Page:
Finally, I finally discovered the truth behind Note and watch The question that has plagued me for six years: What the hell is going on with Lucio’s hair?
I spoke to last week Monitor 2 Developers Jeff Goodman and Dion Rogers about Sojourn, the game’s first black female heroine. Because this was a rare chance to be alone with a couple Note and watch Developers, I took the opportunity to ask a burning question about another black Note and watch Hero: Lucio
Lúcio is my favorite before Sojourn Note and watch Character in his playing style and story. He is a healer with unique movement and healing abilities. He was one of the first and only characters I devoted myself to mastering (with questionable results and less than mastery) despite not being a big hit in the team-based shooters. It’s also this wonderful DJ Quartet Platinum, Afro-Brazilian with an affinity for Frogs who decided to join a group of international freedom fighters to stop the corporate development of the favela. I was immediately drawn to him. But the one thing that always bothered I’m about Beyoncé’s character with a gun was his hair.
I’m obsessed with black hair in video games, where for black women in particular hair is a sensitive topic. A couple of weeks ago, we couldn’t stop talking about an event that was, in essence, about a black woman’s hair. There were written laws in the 18th century regulating how black women could wear their hair. Even today, in the supposedly “enlightened age” of 2022, we pass laws protecting blacks from hair discrimination after people lost job opportunities and children cut their hair against their will.
A lot of my self-esteem has been tied to my hair. She rocked wigs, extensions, and the braid. I wore my hair straight and natural and now it’s cut. So I’m particularly sensitive to how black hair is represented in video games, which brings us to Lúcio and his baffling hair case.
You see, he’s got these huge – leaked Dreadlocks that seemed so weird and unnatural that I formulated this complex conspiracy theory that it’s not actually his hair at all, but a performance piece of art. Yes, I really am Lúcio hair. I’ve had braids before. I know how big Capital B can get depending on how (or not) you maintain it. But Lúcio’s locks just don’t look real to me. They looked like they were made of foam and nothing grew out of his head.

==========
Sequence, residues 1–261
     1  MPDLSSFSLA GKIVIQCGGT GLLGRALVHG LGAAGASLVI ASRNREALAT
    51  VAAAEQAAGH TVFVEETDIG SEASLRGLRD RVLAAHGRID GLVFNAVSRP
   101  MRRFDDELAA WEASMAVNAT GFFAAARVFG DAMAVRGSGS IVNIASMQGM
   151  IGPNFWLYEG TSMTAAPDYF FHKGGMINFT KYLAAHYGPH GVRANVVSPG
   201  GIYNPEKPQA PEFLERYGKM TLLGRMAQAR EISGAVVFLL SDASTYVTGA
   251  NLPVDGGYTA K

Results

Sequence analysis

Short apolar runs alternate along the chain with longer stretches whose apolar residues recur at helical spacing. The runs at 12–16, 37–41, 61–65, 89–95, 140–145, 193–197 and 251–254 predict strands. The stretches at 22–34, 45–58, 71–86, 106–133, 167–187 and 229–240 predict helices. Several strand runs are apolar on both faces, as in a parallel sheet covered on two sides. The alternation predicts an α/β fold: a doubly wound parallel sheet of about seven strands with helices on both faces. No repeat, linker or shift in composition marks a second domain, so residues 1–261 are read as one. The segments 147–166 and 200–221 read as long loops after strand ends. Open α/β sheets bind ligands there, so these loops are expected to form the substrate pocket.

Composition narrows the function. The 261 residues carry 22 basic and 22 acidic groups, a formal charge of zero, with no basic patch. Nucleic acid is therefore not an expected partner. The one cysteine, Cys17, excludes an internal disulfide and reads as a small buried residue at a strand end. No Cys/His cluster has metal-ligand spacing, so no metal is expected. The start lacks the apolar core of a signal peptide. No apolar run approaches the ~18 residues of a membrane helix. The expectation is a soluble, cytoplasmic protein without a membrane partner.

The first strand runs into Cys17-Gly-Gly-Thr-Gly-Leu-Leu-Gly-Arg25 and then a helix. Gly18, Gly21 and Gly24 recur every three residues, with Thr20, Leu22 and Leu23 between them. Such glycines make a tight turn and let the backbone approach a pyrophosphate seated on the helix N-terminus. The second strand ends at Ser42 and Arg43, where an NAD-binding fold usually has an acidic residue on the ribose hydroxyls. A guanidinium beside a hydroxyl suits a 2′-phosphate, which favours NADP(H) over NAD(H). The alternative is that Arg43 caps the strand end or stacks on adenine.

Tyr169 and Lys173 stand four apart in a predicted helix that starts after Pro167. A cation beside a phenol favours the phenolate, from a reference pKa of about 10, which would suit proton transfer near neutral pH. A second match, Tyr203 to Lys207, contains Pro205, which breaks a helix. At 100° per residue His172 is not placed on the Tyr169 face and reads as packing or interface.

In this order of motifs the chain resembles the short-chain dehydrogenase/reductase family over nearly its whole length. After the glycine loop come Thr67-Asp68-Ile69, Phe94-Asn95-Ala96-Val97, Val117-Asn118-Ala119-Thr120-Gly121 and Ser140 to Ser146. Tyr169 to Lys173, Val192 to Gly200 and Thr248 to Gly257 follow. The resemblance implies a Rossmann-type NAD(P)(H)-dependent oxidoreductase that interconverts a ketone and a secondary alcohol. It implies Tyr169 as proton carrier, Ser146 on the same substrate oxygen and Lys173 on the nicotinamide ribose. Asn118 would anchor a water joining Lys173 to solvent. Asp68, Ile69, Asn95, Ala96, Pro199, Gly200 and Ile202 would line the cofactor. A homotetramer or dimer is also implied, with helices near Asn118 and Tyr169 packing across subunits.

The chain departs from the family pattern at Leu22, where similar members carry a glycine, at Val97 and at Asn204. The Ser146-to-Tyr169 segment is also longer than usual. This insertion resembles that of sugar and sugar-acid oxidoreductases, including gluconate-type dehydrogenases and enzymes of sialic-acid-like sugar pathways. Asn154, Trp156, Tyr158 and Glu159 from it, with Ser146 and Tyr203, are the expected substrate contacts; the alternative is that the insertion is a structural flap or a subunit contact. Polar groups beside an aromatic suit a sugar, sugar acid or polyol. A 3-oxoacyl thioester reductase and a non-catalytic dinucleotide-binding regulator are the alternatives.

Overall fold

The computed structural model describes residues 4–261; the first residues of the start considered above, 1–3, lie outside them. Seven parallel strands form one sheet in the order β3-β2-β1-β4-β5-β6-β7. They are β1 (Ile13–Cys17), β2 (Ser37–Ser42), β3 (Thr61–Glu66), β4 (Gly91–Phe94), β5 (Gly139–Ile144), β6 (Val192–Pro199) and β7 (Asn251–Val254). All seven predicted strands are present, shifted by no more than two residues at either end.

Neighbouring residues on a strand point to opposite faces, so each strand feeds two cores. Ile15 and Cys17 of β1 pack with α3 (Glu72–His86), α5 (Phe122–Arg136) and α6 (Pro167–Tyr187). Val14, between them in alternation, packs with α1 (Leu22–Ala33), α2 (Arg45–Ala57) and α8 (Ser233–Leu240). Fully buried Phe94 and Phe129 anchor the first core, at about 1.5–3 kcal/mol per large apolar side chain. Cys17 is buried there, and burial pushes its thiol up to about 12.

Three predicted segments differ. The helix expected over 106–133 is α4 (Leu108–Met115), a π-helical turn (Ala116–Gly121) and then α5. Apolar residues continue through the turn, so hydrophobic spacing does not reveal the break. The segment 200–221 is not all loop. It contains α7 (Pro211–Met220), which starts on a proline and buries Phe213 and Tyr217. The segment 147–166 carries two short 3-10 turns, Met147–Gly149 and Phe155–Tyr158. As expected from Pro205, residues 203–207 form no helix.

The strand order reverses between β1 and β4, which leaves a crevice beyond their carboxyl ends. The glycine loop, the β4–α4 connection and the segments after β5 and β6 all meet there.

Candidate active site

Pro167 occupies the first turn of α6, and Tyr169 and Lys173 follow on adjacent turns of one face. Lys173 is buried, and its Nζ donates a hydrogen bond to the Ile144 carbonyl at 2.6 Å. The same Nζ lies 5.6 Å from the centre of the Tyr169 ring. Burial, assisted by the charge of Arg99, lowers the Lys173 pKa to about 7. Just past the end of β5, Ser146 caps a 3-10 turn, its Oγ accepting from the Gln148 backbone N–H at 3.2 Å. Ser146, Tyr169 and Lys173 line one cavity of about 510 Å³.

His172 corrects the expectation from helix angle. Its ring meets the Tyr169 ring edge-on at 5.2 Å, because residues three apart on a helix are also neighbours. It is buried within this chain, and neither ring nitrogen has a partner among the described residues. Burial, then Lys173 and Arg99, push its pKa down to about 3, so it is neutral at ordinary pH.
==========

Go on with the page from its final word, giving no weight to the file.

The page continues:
Where most black video game hairstyles fail is when creators don’t take into account hair texture. This is why a lot of the afro styles you can choose in the game character generator look like these big matte balls of not sure what this is but not the hair or why the afro style in Wonders of Tiny Tina Looks like the armor model of elden ringAbominable dung eater.
I understand that creating any kind of hair texture in a video game is a tedious process, so I usually want to rework a bad texture into the time constraints and limitations of the game engine. But Lúcio’s style of flat corn edging against the head that has blossomed into big and bouncy…things??? It was so weird that I rejected this hypothesis in favor of going for a full tin hat, literally. In my hypothesis, Lúcio’s hair is actually a hat that he wears as part of his DJ character. It’s like the Daft Punk helmets or the Deadmau5 helmets. It’s a theory I held for years until I finally had the chance to ask Note and watch The developers confirm my suspicions.
“Yes, your theory is correct,” said Rogers, the technical director. Note and watch. Sweet, sweet whitewash. Rogers also shared it with Monitor 2Lúcio’s hair is getting an update.
We improve it for Monitor 2Rogers said. “A large part of our research has been trying to create ethnic hair that is more culturally correct. You can see that improvement in his Monitor 2 Art concept. The foam headpiece has been replaced with natural (and textured!) hair that still honors his DJ personality, finished with bright neon coils that remind me of a cybergoth wig of the late 2000s.
While I’m glad my long-standing doubts have finally subsided, I’m equally glad Rogers and his team understood that poetry is important to a character’s identity, especially black characters like Sojourn and Lúcio.
“The thing that I think is so great about the art team is that we have people who are dedicated to improving the perception of poetry in racial characters,” Rogers said.